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If you had enough time and energy you could figure out everything you need to know in order to play guitar really well. Many players, old blues masters, for example did exactly that; they learned a little bit of “how things work” and experimented around the fingerboard until they got the sound they liked. That works great, up to a point.

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Do you need to learn music theory to play guitar?


Music theory is another of those topics with almost no end to what you can learn. You certainly don’t need a thorough understanding of advanced music theory to become a skillful guitarist. Just consider the old blues masters for a moment, they easily learned the 12 bar blues pattern and figured out what sounded good to them.

Some of these masters of the blues are Lightnin’ Hopkins, Blind Lemon Jefferson, Leadbelly, Blind Willie McTell, and Robert Johnson and many others. Many of their songs are still being covered by bands to this day!

So, the big question is: “Do I need music theory to play guitar?” My official answer is: “No, you do not need music theory to play guitar.”

However, don’t confuse “need” with “will this help me”. You might not need to know how grammar well to be converse in a foreign language, but you absolutely need to know grammar to become fluent. It is exactly the same with music.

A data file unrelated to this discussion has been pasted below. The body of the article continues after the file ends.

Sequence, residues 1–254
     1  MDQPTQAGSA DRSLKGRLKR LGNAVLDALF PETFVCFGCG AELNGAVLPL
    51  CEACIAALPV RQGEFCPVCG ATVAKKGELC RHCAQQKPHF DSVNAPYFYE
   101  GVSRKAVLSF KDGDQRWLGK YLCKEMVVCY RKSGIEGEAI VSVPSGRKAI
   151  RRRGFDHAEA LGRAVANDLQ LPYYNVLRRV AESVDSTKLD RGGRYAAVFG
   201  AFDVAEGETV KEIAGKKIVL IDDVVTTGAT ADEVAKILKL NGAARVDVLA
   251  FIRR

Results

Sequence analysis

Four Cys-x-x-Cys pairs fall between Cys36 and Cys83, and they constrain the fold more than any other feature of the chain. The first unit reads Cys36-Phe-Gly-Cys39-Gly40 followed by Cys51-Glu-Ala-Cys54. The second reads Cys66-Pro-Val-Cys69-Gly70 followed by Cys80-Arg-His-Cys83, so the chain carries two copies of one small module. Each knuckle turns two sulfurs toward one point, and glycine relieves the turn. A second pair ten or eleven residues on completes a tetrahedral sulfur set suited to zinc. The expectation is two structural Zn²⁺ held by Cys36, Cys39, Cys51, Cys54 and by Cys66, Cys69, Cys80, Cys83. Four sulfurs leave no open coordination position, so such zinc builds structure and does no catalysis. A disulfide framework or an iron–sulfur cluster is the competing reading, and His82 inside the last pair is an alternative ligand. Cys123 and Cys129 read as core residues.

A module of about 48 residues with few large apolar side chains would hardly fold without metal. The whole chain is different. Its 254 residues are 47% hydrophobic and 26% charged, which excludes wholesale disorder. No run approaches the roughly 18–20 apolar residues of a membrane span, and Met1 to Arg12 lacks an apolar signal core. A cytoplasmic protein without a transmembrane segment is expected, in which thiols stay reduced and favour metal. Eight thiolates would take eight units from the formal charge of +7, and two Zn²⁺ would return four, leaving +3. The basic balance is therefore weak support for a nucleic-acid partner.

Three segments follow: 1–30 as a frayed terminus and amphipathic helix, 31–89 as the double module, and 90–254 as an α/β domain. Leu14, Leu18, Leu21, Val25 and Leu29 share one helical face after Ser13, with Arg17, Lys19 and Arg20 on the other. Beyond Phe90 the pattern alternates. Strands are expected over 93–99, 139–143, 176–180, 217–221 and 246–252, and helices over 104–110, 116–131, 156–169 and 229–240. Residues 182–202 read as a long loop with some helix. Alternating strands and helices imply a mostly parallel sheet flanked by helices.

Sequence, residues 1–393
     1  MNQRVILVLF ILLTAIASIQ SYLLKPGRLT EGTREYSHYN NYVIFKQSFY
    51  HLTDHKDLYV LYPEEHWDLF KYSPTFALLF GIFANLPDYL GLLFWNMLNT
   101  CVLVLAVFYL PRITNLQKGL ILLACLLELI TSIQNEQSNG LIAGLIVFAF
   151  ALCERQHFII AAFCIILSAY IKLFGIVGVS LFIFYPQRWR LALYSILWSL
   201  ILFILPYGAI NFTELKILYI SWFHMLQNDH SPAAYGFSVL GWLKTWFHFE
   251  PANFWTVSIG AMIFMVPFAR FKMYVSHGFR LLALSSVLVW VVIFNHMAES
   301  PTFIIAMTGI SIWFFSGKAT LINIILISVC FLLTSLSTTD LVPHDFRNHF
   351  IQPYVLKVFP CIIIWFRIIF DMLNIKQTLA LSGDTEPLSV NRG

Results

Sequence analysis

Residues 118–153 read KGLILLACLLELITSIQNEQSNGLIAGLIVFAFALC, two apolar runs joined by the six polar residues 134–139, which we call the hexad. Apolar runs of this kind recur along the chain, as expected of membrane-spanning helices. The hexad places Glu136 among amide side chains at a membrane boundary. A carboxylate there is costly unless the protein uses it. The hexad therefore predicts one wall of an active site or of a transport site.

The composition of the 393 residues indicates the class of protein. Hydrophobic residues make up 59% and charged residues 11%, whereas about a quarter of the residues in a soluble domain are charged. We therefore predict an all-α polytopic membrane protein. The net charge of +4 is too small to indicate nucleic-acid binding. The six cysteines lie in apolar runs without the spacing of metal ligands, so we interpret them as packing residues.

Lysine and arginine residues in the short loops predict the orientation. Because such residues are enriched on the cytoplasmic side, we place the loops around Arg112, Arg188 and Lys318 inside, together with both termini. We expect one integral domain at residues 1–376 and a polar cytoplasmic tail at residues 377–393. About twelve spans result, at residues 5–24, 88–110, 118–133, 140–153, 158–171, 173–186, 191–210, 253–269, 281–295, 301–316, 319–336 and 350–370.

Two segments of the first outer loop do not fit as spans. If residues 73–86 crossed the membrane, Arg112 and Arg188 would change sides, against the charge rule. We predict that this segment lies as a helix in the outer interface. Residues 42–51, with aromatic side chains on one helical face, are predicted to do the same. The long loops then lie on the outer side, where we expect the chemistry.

If you want to play basic blues, folk music, country or bluegrass you can do just fine with a minimum of music theory. You gradually learn some basics anyway because of the need to communicate with other players. Even knowing what key you are playing in, or what the I, IV, V and relative minor chords are in different keys is music theory in practice.

Music theory is really just an attempt to describe what somebody has sung or played on an instrument. Knowing the language of writing down music can enhance your understanding  and make learning easier. Ignorance is not a virtue!




Reasons why learning music theory can help you play better guitar

  • Help you learn by ear
  • Expands your creative possibilities
  • You can write your own music
  • Helps you communicate with other musicians
  • Guides your experimentation (noodling)
  • Helps you quickly know what chords and voicings will work
  • Enables you to play various styles quickly
  • Opens up shortcuts for improvising
  • Enables you to more easily play with other instrumentalists
  • Provides a shortcut to learn harmonies
  • Helps you more quickly understand the fretboard

You should know this basic music theory

  • The musical alphabet
  • Staff notation
  • Clefs
  • Key signatures
  • Staff markings
  • Time signatures
  • Rhythm
  • Sight reading

More basic music theory topics

  • Tablature notation
  • Guitar chord charts
  • Harmonies
  • Modal music
  • Circle of 5ths
  • Passing chords
  • Voicings
  • Scales

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What music theory will not do for you


  1. Is not a substitute for actual practice.
  2. Theory alone won’t make you a better guitarist
  3. Learning theory will not stifle your creativity

Never forget that theory serves the music; the music comes first. Music theory is an attempt to explain music, a way to try and communicate what an instrument or voice has done.


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